Even at Red Dog, AIDEA’s investment wasn’t just about one mine. The area has lots of zinc and there will eventually be other mines.
Alaska Native residents of nearby small villages have a different worry. Their concern is that the road would ultimately becoming a public highway, not industrial-only, that would open access to sport hunters from outside the region. This could put pressure on local subsistence resources.
It’s a reasonable concern, given some past history.
In 1977, the state of Alaska promised the North Slope Borough, after the pipeline was built, that the Dalton Highway would be an industrial-only road. It wasn’t long until political pressures from sporting groups caused the road to be made public, although the horrors of outside hunters decimating the local game never materialized.
AIDEA says that because it would own this road, it can legally enforce an industrial-use-only policy, although local residents would use the road to haul in fuel and freight.
It is true that the legal framework is different than that of the Dalton Highway, which was built with state general funds. The Ambler road would be funded by AIDEA bonds, which can have covenants written into them.
But despite that assurance, no one can promise that the road would always be industrial. The state will decide that, and governors, Legislatures and laws change. Politics can change things.
Red Dog and the Ambler discoveries are cases where mining companies asked the state, through AIDEA, for help in building regional infrastructure. Financially, the mine pays for the infrastructure through the tolls for use.
If a company has very strong balance sheet and can finance both mine development and infrastructure, it might be better off doing the entire project itself, without the state. That’s because the mining company then owns and controls the infrastructure. Some companies prefer to build and own their own roads.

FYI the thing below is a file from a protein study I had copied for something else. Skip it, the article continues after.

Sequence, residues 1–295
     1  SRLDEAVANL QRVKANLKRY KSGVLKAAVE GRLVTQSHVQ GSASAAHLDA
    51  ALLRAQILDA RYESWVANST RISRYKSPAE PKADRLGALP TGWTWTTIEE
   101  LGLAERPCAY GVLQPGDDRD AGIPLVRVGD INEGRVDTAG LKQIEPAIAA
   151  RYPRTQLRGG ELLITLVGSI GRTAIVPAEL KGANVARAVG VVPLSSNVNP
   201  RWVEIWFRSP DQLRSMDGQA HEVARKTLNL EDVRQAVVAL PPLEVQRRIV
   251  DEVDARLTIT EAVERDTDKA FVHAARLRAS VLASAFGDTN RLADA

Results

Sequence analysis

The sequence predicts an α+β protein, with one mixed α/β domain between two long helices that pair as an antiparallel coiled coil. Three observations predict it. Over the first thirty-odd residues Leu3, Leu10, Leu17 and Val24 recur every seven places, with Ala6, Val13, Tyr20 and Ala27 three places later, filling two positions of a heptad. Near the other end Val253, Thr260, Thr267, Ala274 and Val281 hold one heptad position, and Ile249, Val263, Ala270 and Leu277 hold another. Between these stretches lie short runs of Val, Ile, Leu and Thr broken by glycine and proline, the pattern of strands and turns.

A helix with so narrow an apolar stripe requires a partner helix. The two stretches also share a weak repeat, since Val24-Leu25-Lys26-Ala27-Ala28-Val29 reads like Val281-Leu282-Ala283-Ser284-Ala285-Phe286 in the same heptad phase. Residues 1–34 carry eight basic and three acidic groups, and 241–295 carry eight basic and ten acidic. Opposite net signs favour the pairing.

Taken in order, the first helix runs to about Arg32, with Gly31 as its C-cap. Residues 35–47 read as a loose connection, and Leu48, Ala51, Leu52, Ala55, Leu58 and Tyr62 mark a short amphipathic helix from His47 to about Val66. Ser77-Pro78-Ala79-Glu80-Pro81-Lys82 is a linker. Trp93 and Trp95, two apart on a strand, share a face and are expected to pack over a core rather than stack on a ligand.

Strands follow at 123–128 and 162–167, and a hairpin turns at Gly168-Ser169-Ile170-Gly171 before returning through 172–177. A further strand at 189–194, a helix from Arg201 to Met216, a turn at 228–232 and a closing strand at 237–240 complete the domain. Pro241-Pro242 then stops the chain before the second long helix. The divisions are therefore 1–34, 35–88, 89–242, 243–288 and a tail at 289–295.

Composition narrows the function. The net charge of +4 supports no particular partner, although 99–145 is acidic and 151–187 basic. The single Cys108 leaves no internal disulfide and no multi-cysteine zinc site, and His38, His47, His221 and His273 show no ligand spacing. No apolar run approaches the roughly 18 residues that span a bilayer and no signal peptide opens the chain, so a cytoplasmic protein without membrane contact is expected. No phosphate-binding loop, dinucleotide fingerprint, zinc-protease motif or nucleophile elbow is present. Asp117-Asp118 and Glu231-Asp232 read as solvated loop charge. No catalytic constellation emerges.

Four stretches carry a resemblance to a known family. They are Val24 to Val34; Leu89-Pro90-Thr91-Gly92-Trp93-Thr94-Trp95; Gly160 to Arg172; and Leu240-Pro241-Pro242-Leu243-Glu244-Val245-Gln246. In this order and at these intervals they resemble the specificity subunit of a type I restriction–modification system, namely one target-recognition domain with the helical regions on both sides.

When the state offered to help Japanese-owned Sumitomo Metals build a 50-mile road from the Richardson Highway near Delta to its Pogo gold mine, the company said, “No thanks.” It built the road itself mainly so that it could control it. Access is effectively limited on this road.
There are cases, however, where a medium-sized mining company doesn’t have deep enough pockets to finance both the mine and the infrastructure, and that’s where AIDEA steps in, because the state authority is financially strong. This was the case for Cominco, the mining company that built Red Dog.
An investment like this can be a win for the state because the infrastructure continues to make money long after bonds for construction are paid for. AIDEA earns an ongoing 6.5% return on its Red Dog investment.
In sum, it’s a mixed bag. There’s a big upside — a lot of well-paying jobs and economic diversification for the state. But there are risks, too.
Tim Bradner is copublisher of the Alaska Economic Report and Alaska Legislative Digest